Areas most likely to gain from such a reorientation are those where the costs of production are high but the perceived value of non market goods is also high. Such areas will include upland areas, rural areas easily accessible to urban populations and, of course, Areas of Outstanding Natural Beauty.

  RICS is concerned that any reform of the UK agricultural industry must take account of all pressures facing agriculture over the medium to long term. The Government must seek reform which is acceptable to the WTO and which meets the demands of world governments concerned about issues such as water consumption, pollution, and the growing global population. Failure to incorporate all these pressures into a future policy would be shortsighted. Clarification will need to be sort as to whether switching subsidies away from production and into the second pillar of the CAP is acceptable to the WTO in its aims to create global markets without support. It is possible that this new payment could be viewed as "hidden farm subsidies". In reality many countries find ways in which to support their agricultural industry. Low diesel prices and subsidised water bills are some methods used. However, it would be unfortunate if CAP reforms were found not to be suitable to the WTO and had to be rethought.

  There is a lack of clarity with regard to the Government's long term objectives in terms of the extent to which it is willing to support the UK agricultural industry. DEFRA Ministers have spoken of the large amounts of tax payers' money currently used to subsidise production. However, decoupling subsidies will not necessarily reduce the total amount of money spent in rural areas. In fact it is possible the total amount of money spend may increase. If the loss of production subsidies is not compensated for by increases in support for non-market goods then there could be a significant shift to part time farming with farming families seeking to supplement their incomes from other sources. Indeed many farming families already send one partner out to work which can put a strain on family life and rural communities.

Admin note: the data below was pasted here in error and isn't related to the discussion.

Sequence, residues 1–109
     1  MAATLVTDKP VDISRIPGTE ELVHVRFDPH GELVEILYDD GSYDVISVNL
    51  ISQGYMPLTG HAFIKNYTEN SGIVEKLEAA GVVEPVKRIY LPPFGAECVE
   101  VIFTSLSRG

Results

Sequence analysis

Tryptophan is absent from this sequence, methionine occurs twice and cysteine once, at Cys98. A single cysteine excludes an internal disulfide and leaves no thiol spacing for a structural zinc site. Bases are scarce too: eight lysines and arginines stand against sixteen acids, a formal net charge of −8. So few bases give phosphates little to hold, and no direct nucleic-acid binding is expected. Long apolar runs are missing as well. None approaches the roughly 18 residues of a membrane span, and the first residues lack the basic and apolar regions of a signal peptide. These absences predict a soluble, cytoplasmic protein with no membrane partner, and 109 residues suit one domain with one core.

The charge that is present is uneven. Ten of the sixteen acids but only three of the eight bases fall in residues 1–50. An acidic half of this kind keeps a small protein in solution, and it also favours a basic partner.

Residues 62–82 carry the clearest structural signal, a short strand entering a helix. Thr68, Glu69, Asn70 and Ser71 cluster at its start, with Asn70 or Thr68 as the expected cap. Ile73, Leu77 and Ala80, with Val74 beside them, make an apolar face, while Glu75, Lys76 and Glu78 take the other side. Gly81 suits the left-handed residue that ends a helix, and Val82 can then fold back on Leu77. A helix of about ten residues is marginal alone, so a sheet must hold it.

Whilst RICS is supportive of initiatives which help rural farm businesses to diversify, thought must be given to the various businesses already in existence in rural areas, such as hotels and other tourist attractions, who may feel unfairly penalised if farmers seeking to diversify are seen to be given benefits. Strengthening one sector of the rural economy whilst at the same time putting another out of business is obviously not desirable. Careful thought needs to be given to planning issues in rural areas to ensure new businesses are suitable and do not flood the market.

  The recently published Planning Green Paper contains a range of proposals to provide for faster and more consistent planning decisions, the benefits of which will be felt by both rural and urban communities. The proposed "Local Development Framework" is likely to be more responsive to differing local needs whilst allowing for greater flexibility, which will certainly assist rural and farming communities. In particular, action plans will ensure that local communities have a greater say in local planning issues, particularly with the introduction of village/community plans. However, rural businesses, particularly farming, would be benefited if the Government were to consider greater flexibility toward permitted development rights for temporary uses.

  Farms seeking to diversify may benefit from whole farm/estate plans which can be beneficial in terms of ensuring that farmers are more aware of the potential and limitations off all their assets, providing the information likely to be increasingly needed for the assessment of grants, integrating conservation and recreation objectives into land use considerations and providing a context against which development decisions related to diversification can be made. These whole farm plans can also contribute input to local plan formulation.

  Finally, we would like to see a high standard of environmental awareness established as the norm for all agricultural land. An increasing number of areas are being designated as environmentally sensitive and we would like to see the standards applied in such areas to be generally accepted.

Royal Institute of Chartered Surveyors

19 December 2001

previous page contents next page

House of Commons home page Parliament home page House of Lords home page search page enquiries index

© Parliamentary copyright 2002
Prepared 6 November 2002